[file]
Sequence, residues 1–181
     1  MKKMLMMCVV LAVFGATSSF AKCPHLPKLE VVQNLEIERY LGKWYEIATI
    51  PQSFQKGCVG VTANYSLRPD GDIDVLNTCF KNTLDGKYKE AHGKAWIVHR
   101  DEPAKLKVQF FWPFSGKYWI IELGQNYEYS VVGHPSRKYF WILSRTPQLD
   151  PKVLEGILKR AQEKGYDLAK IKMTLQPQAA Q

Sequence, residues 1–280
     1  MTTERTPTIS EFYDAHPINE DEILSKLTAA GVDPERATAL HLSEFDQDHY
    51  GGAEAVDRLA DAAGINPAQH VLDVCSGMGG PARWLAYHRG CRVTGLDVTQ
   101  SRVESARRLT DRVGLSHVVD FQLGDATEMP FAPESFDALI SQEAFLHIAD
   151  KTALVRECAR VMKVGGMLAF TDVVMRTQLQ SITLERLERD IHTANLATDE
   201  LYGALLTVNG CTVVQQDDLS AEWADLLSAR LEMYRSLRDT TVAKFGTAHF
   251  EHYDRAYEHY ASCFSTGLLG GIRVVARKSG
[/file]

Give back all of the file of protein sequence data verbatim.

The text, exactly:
Sequence, residues 1–181
     1  MKKMLMMCVV LAVFGATSSF AKCPHLPKLE VVQNLEIERY LGKWYEIATI
    51  PQSFQKGCVG VTANYSLRPD GDIDVLNTCF KNTLDGKYKE AHGKAWIVHR
   101  DEPAKLKVQF FWPFSGKYWI IELGQNYEYS VVGHPSRKYF WILSRTPQLD
   151  PKVLEGILKR AQEKGYDLAK IKMTLQPQAA Q

Sequence, residues 1–280
     1  MTTERTPTIS EFYDAHPINE DEILSKLTAA GVDPERATAL HLSEFDQDHY
    51  GGAEAVDRLA DAAGINPAQH VLDVCSGMGG PARWLAYHRG CRVTGLDVTQ
   101  SRVESARRLT DRVGLSHVVD FQLGDATEMP FAPESFDALI SQEAFLHIAD
   151  KTALVRECAR VMKVGGMLAF TDVVMRTQLQ SITLERLERD IHTANLATDE
   201  LYGALLTVNG CTVVQQDDLS AEWADLLSAR LEMYRSLRDT TVAKFGTAHF
   251  EHYDRAYEHY ASCFSTGLLG GIRVVARKSG